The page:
COVID-19 has drastically changed the landscape of our everyday lives. Many of us have been made to stay indoors risking our mental health, while others have been made to continue going to work and risk exposure. Two of the people closest to me are taking on each of these roles. Taylor Campbell, one of my oldest friends, was furloughed at her massage clinic – shortly after completing her licensing to become a certified esthetician. Another great friend of mine, Oralia Saenz, is a supervisor at Best Buy in the same store I work. Saenz has been steadily working her forty hours a week, adapting to the changes our stores have been going through, and still seeing customers on a regular basis. My goal in creating this timeline was to compare two personal timelines and contrast the designations of essential and non-essential worker.
COVID-19 has opened conversations about personal hygiene and immune health. Though, an unexpected discussion it has started is the importance of mental health – especially in the middle of a pandemic. As cities, states, and countries continue to manage and try to stop the spread of COVID-19 by enforcing strict quarantine and social distancing rules, […]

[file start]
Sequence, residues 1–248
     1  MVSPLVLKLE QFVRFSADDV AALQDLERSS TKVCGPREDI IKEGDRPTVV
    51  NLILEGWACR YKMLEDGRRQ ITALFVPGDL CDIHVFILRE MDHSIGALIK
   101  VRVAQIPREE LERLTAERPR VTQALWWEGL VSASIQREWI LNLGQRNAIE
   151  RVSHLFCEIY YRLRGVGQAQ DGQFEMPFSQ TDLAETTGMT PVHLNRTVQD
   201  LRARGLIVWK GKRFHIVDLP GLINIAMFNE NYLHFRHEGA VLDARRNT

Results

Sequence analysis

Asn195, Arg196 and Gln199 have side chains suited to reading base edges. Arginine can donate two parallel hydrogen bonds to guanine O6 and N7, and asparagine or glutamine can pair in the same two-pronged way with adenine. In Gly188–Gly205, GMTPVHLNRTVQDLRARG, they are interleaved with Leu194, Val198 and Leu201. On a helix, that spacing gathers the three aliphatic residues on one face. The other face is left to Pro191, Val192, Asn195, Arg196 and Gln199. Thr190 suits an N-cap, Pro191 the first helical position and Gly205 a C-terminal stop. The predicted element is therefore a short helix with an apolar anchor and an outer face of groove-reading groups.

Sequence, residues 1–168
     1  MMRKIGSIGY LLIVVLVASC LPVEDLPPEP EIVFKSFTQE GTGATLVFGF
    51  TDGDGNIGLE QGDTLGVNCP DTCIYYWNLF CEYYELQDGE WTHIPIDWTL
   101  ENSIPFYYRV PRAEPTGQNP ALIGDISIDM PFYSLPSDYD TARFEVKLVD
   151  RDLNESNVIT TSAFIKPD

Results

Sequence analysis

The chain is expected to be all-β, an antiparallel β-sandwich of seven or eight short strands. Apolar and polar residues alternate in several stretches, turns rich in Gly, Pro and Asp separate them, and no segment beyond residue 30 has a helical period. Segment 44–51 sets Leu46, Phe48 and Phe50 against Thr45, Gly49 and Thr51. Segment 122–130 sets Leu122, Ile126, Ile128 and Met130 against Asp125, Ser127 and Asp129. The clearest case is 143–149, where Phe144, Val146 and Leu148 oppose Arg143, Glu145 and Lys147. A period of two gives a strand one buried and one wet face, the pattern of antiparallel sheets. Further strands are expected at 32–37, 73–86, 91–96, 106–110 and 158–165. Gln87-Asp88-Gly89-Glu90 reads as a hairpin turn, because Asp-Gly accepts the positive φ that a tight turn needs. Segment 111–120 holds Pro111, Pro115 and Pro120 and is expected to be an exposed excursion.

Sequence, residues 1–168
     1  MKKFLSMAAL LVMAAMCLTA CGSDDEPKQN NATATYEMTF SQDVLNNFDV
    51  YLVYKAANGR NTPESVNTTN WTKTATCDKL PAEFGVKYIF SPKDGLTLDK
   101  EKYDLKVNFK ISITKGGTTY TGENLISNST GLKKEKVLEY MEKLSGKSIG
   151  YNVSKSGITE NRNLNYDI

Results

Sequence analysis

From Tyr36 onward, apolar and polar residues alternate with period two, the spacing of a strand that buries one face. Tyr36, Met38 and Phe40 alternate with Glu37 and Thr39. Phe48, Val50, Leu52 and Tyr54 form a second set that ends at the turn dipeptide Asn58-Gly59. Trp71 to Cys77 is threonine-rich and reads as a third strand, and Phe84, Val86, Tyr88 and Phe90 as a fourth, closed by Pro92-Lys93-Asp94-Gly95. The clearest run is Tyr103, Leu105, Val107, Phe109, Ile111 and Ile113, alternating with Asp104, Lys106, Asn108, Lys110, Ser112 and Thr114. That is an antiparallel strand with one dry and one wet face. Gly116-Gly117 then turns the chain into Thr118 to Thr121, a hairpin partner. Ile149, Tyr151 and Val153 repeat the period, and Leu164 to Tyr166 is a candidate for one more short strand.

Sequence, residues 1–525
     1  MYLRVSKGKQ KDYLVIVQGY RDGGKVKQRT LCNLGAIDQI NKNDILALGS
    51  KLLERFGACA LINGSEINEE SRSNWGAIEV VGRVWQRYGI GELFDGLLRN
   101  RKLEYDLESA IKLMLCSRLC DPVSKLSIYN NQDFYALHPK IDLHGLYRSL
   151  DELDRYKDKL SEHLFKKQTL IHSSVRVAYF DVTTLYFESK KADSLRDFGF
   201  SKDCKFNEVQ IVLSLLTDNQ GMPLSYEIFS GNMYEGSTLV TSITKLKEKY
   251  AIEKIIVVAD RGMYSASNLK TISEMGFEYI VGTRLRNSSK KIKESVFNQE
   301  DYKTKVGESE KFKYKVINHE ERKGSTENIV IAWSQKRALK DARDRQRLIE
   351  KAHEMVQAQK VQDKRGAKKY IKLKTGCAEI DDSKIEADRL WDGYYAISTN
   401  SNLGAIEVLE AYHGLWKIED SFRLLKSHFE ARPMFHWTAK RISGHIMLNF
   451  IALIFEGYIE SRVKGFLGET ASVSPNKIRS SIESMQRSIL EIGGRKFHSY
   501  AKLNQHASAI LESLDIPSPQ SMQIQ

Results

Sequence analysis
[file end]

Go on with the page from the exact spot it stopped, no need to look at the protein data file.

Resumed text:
By Anne Cox I’m a graduating senior in the class of 2020 at Texas State University. In the very early stages of coronavirus, before there were even a lot of confirmed cases in the US, I remember thinking that there was no possible way that it would get to this level. It felt far away, […]
By Belle Rushing HOUSTON— From feeding animals, mucking stalls and trimming hooves, Codie Snelson continues to work despite this time of social distancing. Snelson says that although she is considered nonessential, her work as a barn manager is. As a barn manager for a couple of elderly clients who can’t take care of their four […]